EE invests in significant network coverage

On Thursday, EE announced a major new phase in the build out of its UK 4G network. By committing to cover a further 17 towns and cities in 2013 and taking its total to 35, the speed of coverage expansion is proceeding faster than outlined in EE’s original strategy and noticeably faster than we have seen in most other 4G markets worldwide. By the end of 2014, EE hopes to achieve near nationwide population coverage and extend its 4G reach to 98 per cent of the UK population.

But today’s announcement is not just about covering more places across the UK, EE is also investing in improving the capacity of its network in existing cities. This so-called densification of the network is a vital step to prepare for its next phase of customer growth.

The early experience on EE’s network has been almost widely praised by early adopters – a fact supported by positive independent test results – but the real challenge for EE will come when its network starts to fill.  To ensure a consistent experience as more customers join the network, EE has to take this step to invest in additional capacity. Importantly, this move will also help to improve coverage indoors so that customers can enjoy 4G services not just outside on the move, but when they’re inside the home or office.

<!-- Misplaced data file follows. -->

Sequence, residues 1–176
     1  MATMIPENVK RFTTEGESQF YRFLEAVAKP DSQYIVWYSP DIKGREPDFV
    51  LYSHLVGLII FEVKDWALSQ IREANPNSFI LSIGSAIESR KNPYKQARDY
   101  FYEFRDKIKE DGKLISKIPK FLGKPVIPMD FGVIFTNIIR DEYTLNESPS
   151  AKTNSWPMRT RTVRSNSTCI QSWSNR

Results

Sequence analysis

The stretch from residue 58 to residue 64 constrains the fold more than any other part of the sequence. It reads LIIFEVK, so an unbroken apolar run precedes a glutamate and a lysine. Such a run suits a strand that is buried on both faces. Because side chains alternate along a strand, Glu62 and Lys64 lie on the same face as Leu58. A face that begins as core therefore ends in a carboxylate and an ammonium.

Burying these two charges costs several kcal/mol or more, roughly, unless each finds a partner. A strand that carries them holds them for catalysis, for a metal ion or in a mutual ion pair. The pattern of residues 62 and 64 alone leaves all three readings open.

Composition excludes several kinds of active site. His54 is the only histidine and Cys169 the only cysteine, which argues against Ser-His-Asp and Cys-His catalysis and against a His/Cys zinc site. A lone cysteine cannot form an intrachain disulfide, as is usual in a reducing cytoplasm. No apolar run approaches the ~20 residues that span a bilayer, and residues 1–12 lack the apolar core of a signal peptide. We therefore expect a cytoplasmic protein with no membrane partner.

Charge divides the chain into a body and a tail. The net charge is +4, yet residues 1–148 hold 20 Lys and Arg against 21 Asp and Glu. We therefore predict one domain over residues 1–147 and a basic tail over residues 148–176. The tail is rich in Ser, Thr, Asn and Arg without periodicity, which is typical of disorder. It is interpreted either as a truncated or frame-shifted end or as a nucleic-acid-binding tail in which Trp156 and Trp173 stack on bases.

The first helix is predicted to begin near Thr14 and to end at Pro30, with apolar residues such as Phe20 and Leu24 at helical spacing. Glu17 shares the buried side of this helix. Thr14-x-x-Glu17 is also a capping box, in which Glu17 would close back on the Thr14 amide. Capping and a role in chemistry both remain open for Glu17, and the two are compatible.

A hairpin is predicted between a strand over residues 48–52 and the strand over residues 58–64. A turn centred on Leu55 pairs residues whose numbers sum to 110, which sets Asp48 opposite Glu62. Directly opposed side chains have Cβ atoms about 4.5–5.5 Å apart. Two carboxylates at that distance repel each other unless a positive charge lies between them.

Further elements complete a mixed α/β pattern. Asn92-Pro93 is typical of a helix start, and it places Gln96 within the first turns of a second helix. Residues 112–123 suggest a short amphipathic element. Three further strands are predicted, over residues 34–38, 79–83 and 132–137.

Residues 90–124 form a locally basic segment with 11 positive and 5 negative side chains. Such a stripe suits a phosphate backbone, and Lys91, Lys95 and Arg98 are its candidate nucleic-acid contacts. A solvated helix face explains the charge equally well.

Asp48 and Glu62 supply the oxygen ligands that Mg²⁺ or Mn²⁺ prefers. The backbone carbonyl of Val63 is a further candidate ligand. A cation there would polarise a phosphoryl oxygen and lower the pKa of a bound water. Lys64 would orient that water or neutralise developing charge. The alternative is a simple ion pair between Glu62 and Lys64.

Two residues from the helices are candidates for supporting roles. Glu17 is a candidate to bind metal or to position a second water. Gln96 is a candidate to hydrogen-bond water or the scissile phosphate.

A competitive 4G market is expected from as early as May. EE is investing ahead of that time to ensure that it can consolidate the lead it has established thanks to the head start awarded to it by the UK regulatory authorities. By its own admission, EE’s management are “happy” with the way things have gone so far, but the real challenges to its 4G strategy are yet to come.

The next six months will be a test of willpower for EE’s senior management as much as anything. EE will inevitably face a marketing onslaught in the coming months as its competitors prepare for and kick-off their own 4G launches. Is EE prepared to invest to keep its network experience ahead if rivals? Can it secure enough compelling devices to avoid customers being lured by must-have phones offered by competitors? And, most importantly, can it resist the temptation to dilute prices in the face of the inevitable competition?

The responses to those questions go straight to the top of EE’s business and the right man certainly looks to be at the helm. Olaf Swantee has consistently proven he has nerves of steel. He has stared down armies of lawyers and politicians to secure an early 4G launch for his company, he has turned round a drifting joint venture and, most impressively, he has launched an entirely new brand built on 4G in the face of much scepticism.

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